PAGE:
Though the Mavs would theoretically be best served picking out their main off-season course before pinning down the plate presentation, NBA teams are rarely given such an opportunity. Teams grasp at every attractive free agent within their general vicinity, mostly because they have to; with other franchises presenting all kind of offers from every imaginable angle, free agents can rarely be seen as secure pursuits. Some players obviously lean heavily one way or another, but for us to assume an outcome does disregard both the power and influence of their agency.
So teams pitch, and they pitch and they pitch and they pitch. They evaluate, negotiate, offer, and counter-offer, until everyone is rightfully tired of the entire process. It’s continuous and tiresome, yet it’s the avenue teams are given to acquire new talent and that players are given to make bank.
So they play along. Free agency is difficult enough on its own merits to worry about temporal order. Even if the comprehensive vision isn’t yet apparent to the public eye, GMs are working the phones as part of something bigger than an individual signing. Even if that GM is David Kahn, and the “something bigger” is an elaborate practical joke on the Timberwolf faithful.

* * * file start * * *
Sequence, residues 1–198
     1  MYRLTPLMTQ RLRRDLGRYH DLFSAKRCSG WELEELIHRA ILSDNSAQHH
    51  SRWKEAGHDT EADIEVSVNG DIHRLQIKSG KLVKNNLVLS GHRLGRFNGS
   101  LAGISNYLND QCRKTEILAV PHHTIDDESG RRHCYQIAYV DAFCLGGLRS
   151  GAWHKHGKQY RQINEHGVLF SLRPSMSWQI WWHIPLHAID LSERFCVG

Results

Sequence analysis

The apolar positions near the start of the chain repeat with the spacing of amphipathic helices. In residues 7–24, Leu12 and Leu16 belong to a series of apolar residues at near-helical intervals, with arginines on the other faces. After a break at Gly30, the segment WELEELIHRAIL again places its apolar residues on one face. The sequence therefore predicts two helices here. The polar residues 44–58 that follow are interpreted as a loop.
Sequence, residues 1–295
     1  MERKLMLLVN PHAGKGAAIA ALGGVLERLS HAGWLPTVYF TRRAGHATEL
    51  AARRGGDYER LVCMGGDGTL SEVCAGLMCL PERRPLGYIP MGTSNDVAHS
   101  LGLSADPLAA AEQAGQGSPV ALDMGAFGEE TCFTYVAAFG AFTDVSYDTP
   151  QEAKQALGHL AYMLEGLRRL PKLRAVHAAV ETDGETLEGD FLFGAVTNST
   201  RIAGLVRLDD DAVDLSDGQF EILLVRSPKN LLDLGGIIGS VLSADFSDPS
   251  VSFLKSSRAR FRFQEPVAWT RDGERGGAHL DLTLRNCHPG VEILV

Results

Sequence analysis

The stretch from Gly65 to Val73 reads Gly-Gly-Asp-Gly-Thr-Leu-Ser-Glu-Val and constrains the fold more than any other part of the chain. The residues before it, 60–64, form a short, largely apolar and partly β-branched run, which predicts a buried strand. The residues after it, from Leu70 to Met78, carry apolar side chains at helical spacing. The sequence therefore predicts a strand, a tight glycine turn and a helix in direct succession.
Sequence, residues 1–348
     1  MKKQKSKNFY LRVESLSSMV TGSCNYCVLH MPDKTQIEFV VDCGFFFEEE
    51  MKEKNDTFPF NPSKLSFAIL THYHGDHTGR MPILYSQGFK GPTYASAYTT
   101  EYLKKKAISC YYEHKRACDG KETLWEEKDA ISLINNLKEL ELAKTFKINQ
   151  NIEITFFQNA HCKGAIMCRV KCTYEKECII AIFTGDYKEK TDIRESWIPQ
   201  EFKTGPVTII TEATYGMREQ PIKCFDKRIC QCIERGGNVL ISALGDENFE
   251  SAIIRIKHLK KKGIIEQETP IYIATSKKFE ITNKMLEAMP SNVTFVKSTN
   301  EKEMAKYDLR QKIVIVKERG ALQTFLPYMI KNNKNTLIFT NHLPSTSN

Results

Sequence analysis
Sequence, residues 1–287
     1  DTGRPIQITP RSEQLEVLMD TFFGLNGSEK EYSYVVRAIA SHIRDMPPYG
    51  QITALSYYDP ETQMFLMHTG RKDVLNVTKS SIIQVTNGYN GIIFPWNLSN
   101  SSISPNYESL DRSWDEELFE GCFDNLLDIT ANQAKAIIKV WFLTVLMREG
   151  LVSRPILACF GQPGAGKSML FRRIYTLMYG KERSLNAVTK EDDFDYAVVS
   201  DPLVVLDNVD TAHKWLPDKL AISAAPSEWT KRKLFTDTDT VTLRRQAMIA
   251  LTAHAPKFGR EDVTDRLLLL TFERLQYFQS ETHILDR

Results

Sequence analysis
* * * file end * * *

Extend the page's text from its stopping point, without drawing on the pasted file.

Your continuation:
With all of this in mind, consider the following: According to Jeff Caplan of ESPN Dallas, the Mavs have expressed interest in signing free agent wing Rasual Butler. It’s still not the big splash Mavs fans are waiting for, but it’s the type of peripheral signing that can make Dallas a better team overall. Even though Butler would likely be the backup to the backup (he’d be safely behind Caron Butler, Shawn Marion, Jason Terry, and Rodrigue Beaubois on the depth chart), Rasual is a usable player and an asset to have deep among the reserves.
Of course, how much Dallas would be willing to spend to sign Rasual would obviously be of some import. Picking up Butler could cost the Mavs most of their mid-level exception, and while that’s not an evil in itself, it could prevent Dallas from adding another real center. And as quaint of player Rasual may be, he’s not quite worth the chance of the Mavs walking into the regular season with Brendan Haywood as the only proven center under contract.
That said, Butler’s fine. A bit bland, but fine. He’s a decent outside shooter, a perfectly competent wing defender, and a nice complement. He just doesn’t quite hit the spot.